South Philly Food Co-Op Passes 300 Member Mark at Second Annual Garden Tour

The South Philly Food Co-Op’s (SPFC) second annual garden tour featured 24 home and community gardens spanning from Ellsworth to Wolf streets and Second to 22nd streets in South Philadelphia Saturday.

SPFC sold 140 tickets for the event, which the group held in hopes of engaging the community and adding members to its ever-growing membership pool.

Started in the spring of 2010, SPFC is working towards opening a member-owned co-op grocery story, and to do so membership is critical. The co-op must meet certain membership benchmarks to advance from one phase to the next.

At 250 members, the co-op was able to create a real estate committee. At 400 members the organization will begin to secure funding, and at 600 members the co-op will be able to sign a lease.

At Saturday’s event, the group signed up enough new members to surpass the 300-member mark.

Garden tour participants like Jonathan Feinman, who opened his home garden on 13th street, said he is happy to support SPFC.

“I think it’s a great idea,” Feinman said. “It’s more earth friendly, which is kind of what I’m all about.”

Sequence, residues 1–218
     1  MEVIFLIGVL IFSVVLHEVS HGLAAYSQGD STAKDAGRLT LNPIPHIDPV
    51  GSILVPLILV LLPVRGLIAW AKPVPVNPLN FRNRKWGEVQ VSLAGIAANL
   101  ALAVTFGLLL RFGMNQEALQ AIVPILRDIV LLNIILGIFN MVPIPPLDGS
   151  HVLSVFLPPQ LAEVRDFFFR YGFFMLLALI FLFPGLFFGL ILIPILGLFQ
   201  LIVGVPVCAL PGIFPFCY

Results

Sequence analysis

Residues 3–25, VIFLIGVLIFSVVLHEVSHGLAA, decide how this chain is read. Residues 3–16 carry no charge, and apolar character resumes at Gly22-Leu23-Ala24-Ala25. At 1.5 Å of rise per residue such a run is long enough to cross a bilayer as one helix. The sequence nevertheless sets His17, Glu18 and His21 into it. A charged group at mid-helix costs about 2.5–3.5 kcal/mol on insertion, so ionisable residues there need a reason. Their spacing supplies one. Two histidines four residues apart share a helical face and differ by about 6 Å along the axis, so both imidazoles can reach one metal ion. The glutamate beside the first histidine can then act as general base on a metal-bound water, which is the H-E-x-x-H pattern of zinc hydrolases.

A major goal of SPFC is to engage the community in its work.

“The whole focus is to keep [our work] in the community,” said Leigh Goldenberg, chair of the events committee. “We’re employed by the community. We’re owned by the community.”

Neighbors Suzanne Linus, Dave Mariscotti and Steve Fabiani, who opened their home gardens to the tour as well, said they are happy to support both SPFC and the South Philly community.

“I think it’s great that people are engaging in the community,” Linus said. “I’ve lived in this neighborhood for five years now. If there is one thing about this neighborhood that constantly happens, it’s that we are constantly involved.”

Across Broad Street, Programs Employing People opened its community garden to the tour, and leaders said the event helped PEP both inform neighbors of the non-profit’s work and support the South Philly community.

“People can live two blocks away, and they’ll walk by and have no idea we’re here,” board member Susan Lanciano said. Inviting people into the community garden, she said, helps PEP spread word of the organization’s work.

Lanciano and Executive Director Graham Gill said PEP also participated in the garden tour to foster South Philly’s continued development.

“The neighborhood has been on the rebound for a good 10 years now, and we wanted to make a contribution to that,” Gill said.

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